Comorbidities in Developmental Disorders – Chapter 2: Heterogeneity in Cerebral Palsy (ebook)

£6.00

Chapter 2 of the book – Heterogeneity in Cerebral Palsy: Variations in Neurology, Comorbidity and Associated Conditions

In the 19th century, it was taught ‘know syphilis, know clinical medicine’. The equivalent in this century would be ‘know cerebral palsy, know clinical neurology’. Virtually all clinical signs can be found in studying cerebral palsy, and there are some such as subcortical refl ex function which are rarely seen in other clinical situations. When children are examined, no two children are identical, as there is considerable variation even within a commonly described topographical syndrome such as hemiplegia. The variation in complications such as hip dislocation, scoliosis and gastrointestinal (GI) motor disorders is marked.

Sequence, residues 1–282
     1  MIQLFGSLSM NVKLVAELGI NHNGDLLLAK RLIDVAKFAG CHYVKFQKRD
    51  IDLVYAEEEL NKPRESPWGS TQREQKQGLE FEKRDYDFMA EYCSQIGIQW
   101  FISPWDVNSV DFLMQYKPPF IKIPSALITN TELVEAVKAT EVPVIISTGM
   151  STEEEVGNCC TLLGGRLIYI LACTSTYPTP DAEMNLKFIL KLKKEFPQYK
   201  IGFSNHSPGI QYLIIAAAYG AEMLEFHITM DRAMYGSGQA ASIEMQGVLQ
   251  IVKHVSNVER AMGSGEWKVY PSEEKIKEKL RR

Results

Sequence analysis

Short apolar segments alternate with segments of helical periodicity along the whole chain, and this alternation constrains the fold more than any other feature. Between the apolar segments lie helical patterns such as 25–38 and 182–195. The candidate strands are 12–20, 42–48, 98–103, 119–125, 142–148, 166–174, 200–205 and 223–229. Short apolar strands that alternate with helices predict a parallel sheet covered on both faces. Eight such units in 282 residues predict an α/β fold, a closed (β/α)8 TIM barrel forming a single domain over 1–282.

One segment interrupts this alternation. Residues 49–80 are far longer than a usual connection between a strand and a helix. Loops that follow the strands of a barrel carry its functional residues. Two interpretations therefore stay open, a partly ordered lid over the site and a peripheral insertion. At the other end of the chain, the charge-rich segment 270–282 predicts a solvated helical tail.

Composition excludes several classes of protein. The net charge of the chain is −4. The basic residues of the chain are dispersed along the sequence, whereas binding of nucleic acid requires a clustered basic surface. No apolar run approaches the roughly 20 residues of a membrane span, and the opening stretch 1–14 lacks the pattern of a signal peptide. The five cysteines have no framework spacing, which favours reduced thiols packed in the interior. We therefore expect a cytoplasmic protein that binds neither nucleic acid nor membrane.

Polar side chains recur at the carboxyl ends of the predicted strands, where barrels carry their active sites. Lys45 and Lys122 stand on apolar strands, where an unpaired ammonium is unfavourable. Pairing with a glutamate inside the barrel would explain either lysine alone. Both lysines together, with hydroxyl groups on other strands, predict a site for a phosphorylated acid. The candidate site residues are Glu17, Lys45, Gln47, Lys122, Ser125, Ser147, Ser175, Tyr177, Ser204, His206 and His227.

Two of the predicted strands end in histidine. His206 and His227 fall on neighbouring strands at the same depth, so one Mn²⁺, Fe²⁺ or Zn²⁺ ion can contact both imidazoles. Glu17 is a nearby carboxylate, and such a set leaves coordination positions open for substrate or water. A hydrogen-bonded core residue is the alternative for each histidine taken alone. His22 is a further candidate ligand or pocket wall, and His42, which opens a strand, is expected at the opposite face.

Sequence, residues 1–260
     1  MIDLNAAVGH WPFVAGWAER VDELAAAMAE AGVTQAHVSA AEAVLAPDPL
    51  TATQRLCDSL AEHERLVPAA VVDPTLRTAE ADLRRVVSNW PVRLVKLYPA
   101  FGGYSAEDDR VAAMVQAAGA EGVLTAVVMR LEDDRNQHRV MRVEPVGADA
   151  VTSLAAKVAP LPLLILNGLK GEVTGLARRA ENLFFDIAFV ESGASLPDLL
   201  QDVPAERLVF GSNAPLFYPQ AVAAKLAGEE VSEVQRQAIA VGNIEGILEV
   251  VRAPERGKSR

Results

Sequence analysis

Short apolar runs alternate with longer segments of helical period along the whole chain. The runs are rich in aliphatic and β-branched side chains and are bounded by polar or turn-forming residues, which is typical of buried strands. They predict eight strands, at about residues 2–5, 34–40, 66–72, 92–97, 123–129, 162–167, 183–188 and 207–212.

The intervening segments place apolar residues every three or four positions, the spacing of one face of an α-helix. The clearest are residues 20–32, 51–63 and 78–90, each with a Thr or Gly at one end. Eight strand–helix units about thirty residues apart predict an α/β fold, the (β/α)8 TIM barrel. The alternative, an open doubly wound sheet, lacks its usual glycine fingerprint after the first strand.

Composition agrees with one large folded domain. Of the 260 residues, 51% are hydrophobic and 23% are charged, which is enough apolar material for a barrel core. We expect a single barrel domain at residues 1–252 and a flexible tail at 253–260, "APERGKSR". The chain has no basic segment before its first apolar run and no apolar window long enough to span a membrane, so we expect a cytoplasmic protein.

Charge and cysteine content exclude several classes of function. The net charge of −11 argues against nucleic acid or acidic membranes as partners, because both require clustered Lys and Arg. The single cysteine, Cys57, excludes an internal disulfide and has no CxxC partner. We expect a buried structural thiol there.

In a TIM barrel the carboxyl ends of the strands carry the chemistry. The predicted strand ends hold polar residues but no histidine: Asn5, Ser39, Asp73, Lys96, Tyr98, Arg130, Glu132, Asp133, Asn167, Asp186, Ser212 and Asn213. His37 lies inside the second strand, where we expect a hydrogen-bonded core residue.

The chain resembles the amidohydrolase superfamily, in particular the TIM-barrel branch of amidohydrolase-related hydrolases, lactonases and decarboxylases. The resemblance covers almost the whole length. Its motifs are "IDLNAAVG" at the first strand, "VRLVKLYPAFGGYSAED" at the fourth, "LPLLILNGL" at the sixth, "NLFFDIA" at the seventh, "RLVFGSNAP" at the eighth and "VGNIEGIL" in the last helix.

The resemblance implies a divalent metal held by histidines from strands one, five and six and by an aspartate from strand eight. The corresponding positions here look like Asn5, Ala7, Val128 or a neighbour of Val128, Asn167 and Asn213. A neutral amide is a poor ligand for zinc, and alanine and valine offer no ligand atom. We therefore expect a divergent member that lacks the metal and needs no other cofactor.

About the complete book

In the last decade the term ‚’comorbidity‚’ has gained popularity in the field of paediatric neurodisability, with the increasing recognition that many conditions are rarely present in isolation. Within this field, the term is often used to refer to the co-occurrence of conditions more frequently than would be expected by chance, which can include instances where one condition causes the other, where they share a common cause (for example, genetic), or where they are in fact manifestations of a single condition. Whether it is valid to use the term ‚’comorbidity‚’ in all these situations, and how precisely it should be used, is something that the contributors to this book grapple with in their own fields of interest. The contributors, all world experts in their fields, also discuss what we can learn from the presence of comorbidities, however defined, about the aetiology and treatment of neurodevelopmental disabilities. In particular, they demonstrate how our increasing understanding of the mechanisms underlying the common association of many ‘comorbidities‚’ is helping us to understand the natural history of these conditions and improve our management of them.

Readership
Paediatricians, paediatric neurologists, child psychiatrists, neurodevelopmentalists, and physical, occupational and speech therapists working with children with developmental disabilities.

Clinics in Developmental Medicine No. 187